Mike Huckabee’s beach house (right) and some of the sand he claims belongs only to him.Stephanie Mencimer/Mother Jones
For indispensable reporting on the coronavirus crisis and more, subscribe to Mother Jones’ newsletters.Mike Huckabee has been trying for years to keep people off the beach in front of his $6 million McMansion on the Gulf Coast of Florida. Since he bought the house in 2011, he has complained that the 115-foot spit of sugar-sand beach in front of his Walton County property has been fouled by pot-smoking kids and pooping dogs. Most shocking of all, he once saw a young couple strip naked and have sex on a YOLO board there at two in the afternoon. But now that the county has finally closed the beach and kicked out all the spring breakers as part of its pandemic response, Huckabee has sued the county because he can’t go out there either.
On Monday, the former Arkansas governor and presidential candidate joined with a bunch of his rich neighbors to sue Walton County, Florida, in federal court, alleging that the county’s beach closing order has left them faced with “threats of criminal prosecution for doing no more than setting foot in their own backyards that they own.” They told the court that the beach closure order constitutes an illegal taking of property without compensation and violates their constitutionally guaranteed property and due process rights. “The county’s ordinance forces family members into a confined space within their house rather than allow them to social distance and recreate in their sandy backyard,” the plaintiffs complained in a court document. (There has been an ongoing and heated legal fight over whether Huckabee really does technically “own” the beach in front of his house, which had been used by the public for centuries before he moved there.)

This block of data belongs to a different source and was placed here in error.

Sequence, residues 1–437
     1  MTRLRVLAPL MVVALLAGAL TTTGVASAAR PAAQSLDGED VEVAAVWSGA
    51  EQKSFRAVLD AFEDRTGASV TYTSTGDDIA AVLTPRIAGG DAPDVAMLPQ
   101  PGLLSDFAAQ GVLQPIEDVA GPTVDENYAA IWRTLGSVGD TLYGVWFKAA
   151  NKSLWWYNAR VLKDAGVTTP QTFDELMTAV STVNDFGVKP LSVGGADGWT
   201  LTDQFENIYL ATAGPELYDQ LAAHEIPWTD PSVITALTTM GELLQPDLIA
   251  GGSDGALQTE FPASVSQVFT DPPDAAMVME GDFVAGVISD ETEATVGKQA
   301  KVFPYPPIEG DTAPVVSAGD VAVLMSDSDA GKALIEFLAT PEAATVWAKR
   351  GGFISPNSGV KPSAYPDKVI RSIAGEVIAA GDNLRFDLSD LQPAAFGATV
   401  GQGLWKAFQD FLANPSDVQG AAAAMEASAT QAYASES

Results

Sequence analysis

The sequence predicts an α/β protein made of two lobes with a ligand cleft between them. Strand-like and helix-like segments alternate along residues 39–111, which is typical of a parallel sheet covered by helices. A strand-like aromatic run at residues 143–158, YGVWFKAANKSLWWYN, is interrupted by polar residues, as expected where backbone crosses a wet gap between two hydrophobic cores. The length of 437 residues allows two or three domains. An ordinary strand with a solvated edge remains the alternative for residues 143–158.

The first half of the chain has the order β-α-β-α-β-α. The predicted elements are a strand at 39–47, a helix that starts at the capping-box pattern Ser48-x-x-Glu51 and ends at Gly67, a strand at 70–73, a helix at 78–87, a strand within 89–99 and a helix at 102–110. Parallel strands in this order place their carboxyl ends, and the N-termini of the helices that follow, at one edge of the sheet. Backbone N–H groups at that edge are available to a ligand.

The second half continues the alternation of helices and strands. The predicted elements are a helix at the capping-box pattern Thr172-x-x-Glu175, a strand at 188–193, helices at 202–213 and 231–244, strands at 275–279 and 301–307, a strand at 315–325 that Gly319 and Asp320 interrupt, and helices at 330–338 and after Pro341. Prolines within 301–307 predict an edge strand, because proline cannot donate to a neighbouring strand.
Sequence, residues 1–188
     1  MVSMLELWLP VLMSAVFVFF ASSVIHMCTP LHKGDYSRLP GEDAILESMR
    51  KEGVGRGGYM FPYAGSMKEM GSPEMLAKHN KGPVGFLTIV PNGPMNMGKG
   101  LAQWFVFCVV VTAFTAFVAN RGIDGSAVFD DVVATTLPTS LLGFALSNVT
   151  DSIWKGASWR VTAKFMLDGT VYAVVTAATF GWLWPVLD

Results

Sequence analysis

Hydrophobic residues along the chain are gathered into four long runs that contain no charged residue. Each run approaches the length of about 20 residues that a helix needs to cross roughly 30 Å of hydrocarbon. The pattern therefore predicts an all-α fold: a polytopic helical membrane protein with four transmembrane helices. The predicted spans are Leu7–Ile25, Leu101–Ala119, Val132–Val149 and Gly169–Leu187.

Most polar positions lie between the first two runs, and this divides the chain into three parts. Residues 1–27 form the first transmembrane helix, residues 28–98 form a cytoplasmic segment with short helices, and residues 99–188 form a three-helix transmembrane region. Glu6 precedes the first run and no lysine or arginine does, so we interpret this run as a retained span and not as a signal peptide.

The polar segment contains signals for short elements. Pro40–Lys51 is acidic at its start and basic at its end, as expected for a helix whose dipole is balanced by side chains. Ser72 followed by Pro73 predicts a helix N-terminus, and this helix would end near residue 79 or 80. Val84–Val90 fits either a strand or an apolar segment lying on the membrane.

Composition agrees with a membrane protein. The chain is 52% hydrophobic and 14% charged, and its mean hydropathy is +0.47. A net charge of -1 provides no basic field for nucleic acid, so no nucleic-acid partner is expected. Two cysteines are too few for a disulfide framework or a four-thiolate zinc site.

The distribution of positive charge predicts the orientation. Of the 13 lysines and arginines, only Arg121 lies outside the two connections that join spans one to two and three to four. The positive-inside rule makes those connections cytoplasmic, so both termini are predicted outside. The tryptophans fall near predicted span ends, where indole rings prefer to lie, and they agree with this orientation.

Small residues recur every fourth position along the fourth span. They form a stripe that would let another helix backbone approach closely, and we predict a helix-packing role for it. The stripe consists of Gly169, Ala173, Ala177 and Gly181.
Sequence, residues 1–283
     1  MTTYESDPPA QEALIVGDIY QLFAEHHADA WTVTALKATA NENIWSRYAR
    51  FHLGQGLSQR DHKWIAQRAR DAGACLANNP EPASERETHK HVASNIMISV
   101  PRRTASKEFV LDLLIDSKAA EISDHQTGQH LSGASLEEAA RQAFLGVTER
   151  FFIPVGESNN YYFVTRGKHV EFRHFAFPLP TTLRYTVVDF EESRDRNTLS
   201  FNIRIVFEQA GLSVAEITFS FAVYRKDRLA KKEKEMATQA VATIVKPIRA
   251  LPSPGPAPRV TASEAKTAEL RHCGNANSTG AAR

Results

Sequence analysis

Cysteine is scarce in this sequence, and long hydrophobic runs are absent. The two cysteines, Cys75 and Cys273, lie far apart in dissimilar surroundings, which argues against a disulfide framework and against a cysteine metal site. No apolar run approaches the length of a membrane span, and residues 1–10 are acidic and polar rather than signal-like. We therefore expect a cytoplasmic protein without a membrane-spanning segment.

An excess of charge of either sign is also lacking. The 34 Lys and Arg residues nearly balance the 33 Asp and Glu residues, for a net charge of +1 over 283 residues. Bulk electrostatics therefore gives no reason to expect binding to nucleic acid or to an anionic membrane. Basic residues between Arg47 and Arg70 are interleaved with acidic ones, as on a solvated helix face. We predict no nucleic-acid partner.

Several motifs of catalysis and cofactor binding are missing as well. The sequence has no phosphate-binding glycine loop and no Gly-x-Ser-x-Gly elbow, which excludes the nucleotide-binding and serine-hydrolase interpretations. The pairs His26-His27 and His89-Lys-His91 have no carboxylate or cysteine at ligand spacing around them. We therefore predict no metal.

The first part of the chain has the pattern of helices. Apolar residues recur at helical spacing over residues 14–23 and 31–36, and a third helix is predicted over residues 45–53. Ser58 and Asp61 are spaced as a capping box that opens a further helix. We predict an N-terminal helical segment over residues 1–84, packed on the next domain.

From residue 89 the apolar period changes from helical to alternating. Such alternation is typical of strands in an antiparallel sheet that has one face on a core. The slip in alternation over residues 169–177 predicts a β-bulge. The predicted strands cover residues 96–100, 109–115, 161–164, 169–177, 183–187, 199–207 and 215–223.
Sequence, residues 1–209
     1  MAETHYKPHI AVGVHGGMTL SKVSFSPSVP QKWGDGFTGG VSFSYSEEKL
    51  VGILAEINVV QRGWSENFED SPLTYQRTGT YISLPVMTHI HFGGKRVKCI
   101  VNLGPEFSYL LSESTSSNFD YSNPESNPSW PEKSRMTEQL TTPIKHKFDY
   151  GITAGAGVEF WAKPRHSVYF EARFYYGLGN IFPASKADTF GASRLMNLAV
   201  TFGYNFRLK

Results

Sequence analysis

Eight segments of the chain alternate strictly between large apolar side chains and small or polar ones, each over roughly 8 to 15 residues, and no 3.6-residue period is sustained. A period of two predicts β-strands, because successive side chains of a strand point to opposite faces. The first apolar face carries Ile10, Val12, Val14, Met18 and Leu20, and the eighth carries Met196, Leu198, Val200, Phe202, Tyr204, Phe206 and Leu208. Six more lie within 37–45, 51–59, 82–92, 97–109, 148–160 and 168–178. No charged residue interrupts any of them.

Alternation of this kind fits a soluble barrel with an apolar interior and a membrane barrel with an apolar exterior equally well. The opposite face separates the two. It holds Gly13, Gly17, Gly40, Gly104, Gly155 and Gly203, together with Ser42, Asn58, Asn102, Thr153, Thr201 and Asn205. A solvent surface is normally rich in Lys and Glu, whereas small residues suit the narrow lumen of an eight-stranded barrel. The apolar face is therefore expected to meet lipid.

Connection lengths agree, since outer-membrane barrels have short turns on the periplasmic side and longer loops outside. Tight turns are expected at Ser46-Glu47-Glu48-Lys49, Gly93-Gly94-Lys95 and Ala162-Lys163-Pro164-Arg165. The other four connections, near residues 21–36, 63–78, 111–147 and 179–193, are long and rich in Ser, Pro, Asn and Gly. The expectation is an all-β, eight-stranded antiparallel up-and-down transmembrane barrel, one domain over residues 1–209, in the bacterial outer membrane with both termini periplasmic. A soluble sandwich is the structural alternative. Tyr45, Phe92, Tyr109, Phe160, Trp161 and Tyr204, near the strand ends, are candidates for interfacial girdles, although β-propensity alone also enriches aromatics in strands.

Ever tone deaf, Huckabee isn’t likely to win many fans as he embarks on this particular fight with Walton County, where like most of America, people are confined in far smaller spaces than the one enjoyed by the Huckabee family. Huckabee does not mention in his lawsuit that his family is “confined” to a 10,000-square-foot monstrosity with six bedrooms, seven-and-a-half bathrooms, and its own private pool where they can recreate, sunbathe, and swim unmolested by the county cops.
The lawsuit stems from a decision by Walton County to close its own beaches on March 19, when Florida Governor Ron DeSantis (R) was still dithering over issuing a state-wide closure as crowds of kids on spring break enjoyed one last hurrah on state beaches. The original county order only covered public beaches. But people continued to flood there from out of town to quarantine in their second homes or condos, many of which have private beaches that were getting too crowded. So, on April 2, the county commission held a meeting and voted to amend its original emergency beach closing order to cover private beaches, too. Some of the property owners complained about the “taking” at the meeting, but they didn’t find much sympathy. “One-third of the people in this county have been laid off probably,” Commissioner Danny Glidewell said at the meeting. “This is a sacrifice that’s in the best interests of the people of Walton County…and I don’t care who doesn’t like it.”
Undeterred, three days later, Huckabee filed his lawsuit, asking for an emergency injunction that would reopen his little patch of sand. A judge will hear the arguments on Monday. “I don’t know how he sleeps at night,” Daniel Uhlfelder, a Walton County attorney who has tangled with Huckabee before over public access to the beach near his house, told me. “This is a temporary attempt to protect the public. We’re in a pandemic. People are dying. And he’s suing the sheriff in federal court.”